Virginia Tech Football: Hokies' Top Priorities on National Signing Day
USA TODAY Sports
With national signing day just a week away, schools from across the country are not only scrambling to get commitments from uncommitted players, but to also try and close the deal on those who have agreed to come to their school. Backing out of a verbal commitment almost seems to happen daily in this day and age.
High school players are very impressionable and seeing a coach like Nick Saban or a school like Michigan and USC come at you late can be very enticing for a 17- or 18-year-old. Remember, these are kids and every school has a chance until the player has signed a letter of intent.
Virginia Tech has verbal commitments from 20 players in their 2013 recruiting class. A handful of those players enrolled in January and the Hokies will wait until next Wednesday and hope no one bails at the last minute, which has happened on more than one occasion in the past.
Here is a look at the Hokies’ top priorities, by position, and how they have fared to this point.
Senior Logan Thomas will be entering his third year as the starting quarterback in 2013. The Hokies couldn’t be any happier with only untested junior Mark Leal behind Thomas. Head coach Frank Beamer understood the significance of adding at least two young players at the position and he did so with the recruitment of Bucky Hodges and Carlis Parker.
Hodges, at 6’5”, 230 pounds, is much like Thomas in terms of size. He isn’t quite the overall athlete Thomas was coming out of high school, but he may be a bit more polished as a passer. He still needs a lot of work but the tools are there.
Parker, from Statesville, North Carolina, is one of the players who enrolled in January. He is a terrific athlete who could easily transition to another position if he doesn’t play quarterback. Parker also has good size (6’4”, 190) but needs a lot of work behind center.
Watching these two compete over the next few years could be an exciting proposition for Hokies’ fans.
The Hokies' lack of depth at cornerback in 2012 was glaring. Juniors Kyle Fuller and Antone Exum were excellent, but behind them were a pair of true freshmen.
Fuller’s younger brother, Kendall, is one of the top recruits in the country and is generally viewed as the top high school cornerback. He won several awards in his senior year and could be poised to start as soon as he arrives on campus with this week’s devastating knee injury to Exum.
Fuller is not only a terrific athlete, but he is an extremely smart football player. All three older brothers have played at Virginia Tech and the oldest, Vincent, played in the NFL for several seasons.
The Hokies also received verbal commitments from Cequan Jefferson, Charles Clark and Brandon Facyson at cornerback. The Hokies clearly made this position a priority, and each of these three, Jefferson in particular, could be a contributor early on. Facyson is another early enrollee.
This position was in such a state of flux last offseason that defensive coordinator Bud Foster moved two of his sophomore cornerbacks to safety. Kyshoen Jarrett had a great season at rover and looks to be entrenched there for the next two seasons. Detrick Bonner had his share of struggles at free safety but had several positive moments as well.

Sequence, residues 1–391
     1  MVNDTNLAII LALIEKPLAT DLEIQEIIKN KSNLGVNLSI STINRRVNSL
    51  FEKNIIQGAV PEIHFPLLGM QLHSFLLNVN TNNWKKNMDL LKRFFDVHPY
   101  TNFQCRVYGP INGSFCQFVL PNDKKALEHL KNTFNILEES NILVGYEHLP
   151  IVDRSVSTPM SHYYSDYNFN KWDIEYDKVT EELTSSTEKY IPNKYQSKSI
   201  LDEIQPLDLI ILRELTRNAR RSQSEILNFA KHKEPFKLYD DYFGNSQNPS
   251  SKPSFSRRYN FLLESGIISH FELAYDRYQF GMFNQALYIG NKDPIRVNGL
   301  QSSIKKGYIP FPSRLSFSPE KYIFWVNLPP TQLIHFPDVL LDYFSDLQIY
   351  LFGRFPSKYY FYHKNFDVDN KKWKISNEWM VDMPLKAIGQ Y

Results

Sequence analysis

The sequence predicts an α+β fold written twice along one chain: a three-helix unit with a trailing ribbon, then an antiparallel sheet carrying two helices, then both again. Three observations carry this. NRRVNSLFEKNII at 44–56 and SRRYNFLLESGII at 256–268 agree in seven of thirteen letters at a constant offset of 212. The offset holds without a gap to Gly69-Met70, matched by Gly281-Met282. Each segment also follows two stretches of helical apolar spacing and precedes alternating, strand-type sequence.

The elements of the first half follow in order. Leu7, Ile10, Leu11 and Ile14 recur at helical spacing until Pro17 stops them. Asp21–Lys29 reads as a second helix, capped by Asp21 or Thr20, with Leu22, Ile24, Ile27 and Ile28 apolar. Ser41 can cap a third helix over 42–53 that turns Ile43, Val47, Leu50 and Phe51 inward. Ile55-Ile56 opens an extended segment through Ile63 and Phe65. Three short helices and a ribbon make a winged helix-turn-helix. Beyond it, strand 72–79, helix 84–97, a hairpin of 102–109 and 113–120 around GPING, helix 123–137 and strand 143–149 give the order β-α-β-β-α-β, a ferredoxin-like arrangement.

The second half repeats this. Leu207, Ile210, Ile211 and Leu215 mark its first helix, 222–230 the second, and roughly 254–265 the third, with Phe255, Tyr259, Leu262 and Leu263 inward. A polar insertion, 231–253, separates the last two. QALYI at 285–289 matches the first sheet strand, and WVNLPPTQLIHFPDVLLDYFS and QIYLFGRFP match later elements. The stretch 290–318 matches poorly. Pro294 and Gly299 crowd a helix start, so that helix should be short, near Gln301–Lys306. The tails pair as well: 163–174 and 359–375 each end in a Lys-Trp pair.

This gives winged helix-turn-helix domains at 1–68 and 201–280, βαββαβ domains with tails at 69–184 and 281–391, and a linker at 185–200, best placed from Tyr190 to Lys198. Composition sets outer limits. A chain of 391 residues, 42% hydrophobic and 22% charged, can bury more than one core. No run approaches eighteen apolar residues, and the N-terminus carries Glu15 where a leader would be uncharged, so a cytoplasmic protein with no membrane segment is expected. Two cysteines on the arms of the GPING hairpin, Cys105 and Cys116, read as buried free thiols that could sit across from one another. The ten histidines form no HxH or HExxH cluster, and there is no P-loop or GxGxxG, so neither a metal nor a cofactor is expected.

Sophomore Desmond Frye and Michael Cole return, but Cole’s future could be clouded by a neck injury he received in November. Both are promising, young players.
Holland Fisher, from Midlothian, Virginia, had a terrific senior season, and his profile has risen nationally. In October, Fisher visited Alabama, and no doubt the Hokies are hoping for positive news concerning Fisher next week. He was the Hokies’ first verbal commitment in this class.
He had a terrific showing in a postseason all-star game and already shows an uncanny ability to always be around the football. He could play either safety position or possibly even line up at corner.
Anthony Shegog isn’t necessarily a high-profile recruit, but the Hokies received a verbal commitment from him in his junior season, and he looks like he could have a strong future at rover/strong safety. He undoubtedly will be a redshirt candidate because he isn’t as far along physically as Fisher.
The Hokies have struggled all along the offensive line in recent seasons. In 2012, the Hokies had their worst season running the football in years. Some of that was due to the inexperience at running back, but the primary reason was a lack of running lanes.
Senior offensive tackles Vinston Painter and Nick Becton graduated. Laurence Gibson and Mark Shuman look to be first in line to fill those positions.
The interior of the offensive line was the biggest problem for the Hokies in 2012. Brent Benedict, David Wang, Caleb Farris, Matt Arkema and Andrew Miller, players who started at one time or another, will all return. This hasn’t been the most consistent group, so the Hokies recruited four offensive linemen in this class.
The most highly regarded could be Braxton Pfaff. Pfaff, whose strong play late in the season moved him up recruiting boards, is big (6’4”, 290) and surprisingly nimble.
Jonathan McLaughlin, who committed to East Carolina last season, prepped for a year at Fork Union and re-opened his recruiting and quickly chose the Hokies. He has already enrolled and could play next season as a true freshman.
Parker Osterloh possesses outstanding size (6’8”, 299) but could need a redshirt year to adjust to the speed of the college game. He played left tackle in high school and right tackle in a high school all-star game.
Kyle Chung, son of Hokie great Eugene, could figure into the mix as well. At 6’4”, 255 pounds, Chung will need to put on weight, but he is a good athlete having played tight end in high school. He projects to be a guard at Virginia Tech.